The Italian painter Francesco Traini came from Pisa. He is known both from documents and from a signed panel painting of St Dominic of 1345 (Museo Nazionale di S. Matteo, Pisa). This came from the same church as a panel painting of the Dominican St Thomas Aquinas in Glory (S. Caterina, Pisa) that can be attributed to him. It is clear from these two panels that Traini was strongly influenced by the Sienese painter Simone Martini (1280/5 - 1344), who painted an altarpiece in Pisa in 1320, and by the Lorenzetti. In 1321 we first hear of Traini in connection with the frescoes of the Composanto, Pisa. Although it is still a matter of controversy, it seems likely that Traini painted the frescoes there of The Triumph of Death, Last Judgment, Hell, and Legends of Hermits. These were formerly dated to about the 1350s, but it is now believed that they were painted earlier.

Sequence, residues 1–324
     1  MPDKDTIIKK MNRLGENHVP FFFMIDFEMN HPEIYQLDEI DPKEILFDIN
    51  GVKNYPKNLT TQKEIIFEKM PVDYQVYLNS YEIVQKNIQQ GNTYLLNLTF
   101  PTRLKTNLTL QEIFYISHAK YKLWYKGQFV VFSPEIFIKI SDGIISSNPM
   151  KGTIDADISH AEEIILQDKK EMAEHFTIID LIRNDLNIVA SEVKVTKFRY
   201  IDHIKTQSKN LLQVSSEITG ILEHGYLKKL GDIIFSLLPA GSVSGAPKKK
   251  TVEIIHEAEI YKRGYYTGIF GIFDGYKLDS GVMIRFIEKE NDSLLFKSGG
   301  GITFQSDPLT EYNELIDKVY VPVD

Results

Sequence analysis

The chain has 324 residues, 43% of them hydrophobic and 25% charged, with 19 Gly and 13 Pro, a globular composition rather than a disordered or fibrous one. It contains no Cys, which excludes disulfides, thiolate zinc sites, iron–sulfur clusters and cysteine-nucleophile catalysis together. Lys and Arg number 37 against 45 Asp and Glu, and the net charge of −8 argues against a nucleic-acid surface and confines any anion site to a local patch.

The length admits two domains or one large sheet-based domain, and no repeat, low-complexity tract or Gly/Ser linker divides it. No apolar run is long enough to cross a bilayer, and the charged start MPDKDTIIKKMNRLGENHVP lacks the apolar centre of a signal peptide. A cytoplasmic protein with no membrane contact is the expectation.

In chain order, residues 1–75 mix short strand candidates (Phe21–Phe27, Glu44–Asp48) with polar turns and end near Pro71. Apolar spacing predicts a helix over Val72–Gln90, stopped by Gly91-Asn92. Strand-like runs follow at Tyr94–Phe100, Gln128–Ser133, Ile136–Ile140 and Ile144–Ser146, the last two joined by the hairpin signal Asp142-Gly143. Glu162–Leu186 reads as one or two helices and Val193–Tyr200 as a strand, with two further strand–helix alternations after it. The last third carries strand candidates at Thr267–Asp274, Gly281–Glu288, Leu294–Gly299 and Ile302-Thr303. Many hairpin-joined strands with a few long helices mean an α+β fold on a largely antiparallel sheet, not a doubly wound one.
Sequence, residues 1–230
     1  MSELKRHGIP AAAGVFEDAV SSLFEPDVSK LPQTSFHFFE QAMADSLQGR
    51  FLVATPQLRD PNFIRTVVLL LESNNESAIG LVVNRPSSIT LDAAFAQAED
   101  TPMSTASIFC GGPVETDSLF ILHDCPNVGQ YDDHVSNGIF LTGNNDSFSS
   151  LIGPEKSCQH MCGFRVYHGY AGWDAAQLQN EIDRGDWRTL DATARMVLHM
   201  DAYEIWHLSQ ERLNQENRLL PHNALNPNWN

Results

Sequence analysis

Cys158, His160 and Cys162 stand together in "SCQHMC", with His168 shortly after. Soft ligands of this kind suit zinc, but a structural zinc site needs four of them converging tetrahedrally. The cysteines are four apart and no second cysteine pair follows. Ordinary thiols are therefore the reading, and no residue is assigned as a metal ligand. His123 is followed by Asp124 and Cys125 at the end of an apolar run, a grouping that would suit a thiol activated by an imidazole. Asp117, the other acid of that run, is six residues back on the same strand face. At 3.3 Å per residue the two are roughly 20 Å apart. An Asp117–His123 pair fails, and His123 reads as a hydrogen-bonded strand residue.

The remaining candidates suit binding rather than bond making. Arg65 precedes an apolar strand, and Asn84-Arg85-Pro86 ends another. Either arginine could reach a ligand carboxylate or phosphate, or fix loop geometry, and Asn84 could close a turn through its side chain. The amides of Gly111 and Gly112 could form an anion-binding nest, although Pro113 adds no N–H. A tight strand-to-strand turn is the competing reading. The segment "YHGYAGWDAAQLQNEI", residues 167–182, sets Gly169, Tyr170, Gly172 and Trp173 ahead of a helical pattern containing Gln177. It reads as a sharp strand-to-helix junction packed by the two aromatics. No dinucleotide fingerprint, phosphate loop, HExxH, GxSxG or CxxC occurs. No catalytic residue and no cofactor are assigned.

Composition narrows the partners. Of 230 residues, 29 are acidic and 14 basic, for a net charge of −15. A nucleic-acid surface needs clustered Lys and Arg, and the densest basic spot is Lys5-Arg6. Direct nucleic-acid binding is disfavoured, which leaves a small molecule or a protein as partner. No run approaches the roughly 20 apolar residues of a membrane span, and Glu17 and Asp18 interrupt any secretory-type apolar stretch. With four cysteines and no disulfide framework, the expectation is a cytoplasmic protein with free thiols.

The frescoes reflect the fear of God's judgment, which was so prevalent in the middle of the 14th century. The Last Judgment is accompanied by a vision of Hell far more dominant than any glimpse we are given of Paradise. In The Triumph of Death, Traini uses the emotional, Gothic elements of Sienese art to emphasize the cruel indifference of Death. The crippled and blind call out for deliverance from life, but Death instead strikes out at a group of young men and ladies enjoying a life of courtly pleasure.
The Camposanto frescoes have been damaged by war and the passage of time, but underneath them have been revealed sinopie of great beauty; these give a rare opportunity to study this usually hidden aspect of the art of the 14th-century painter.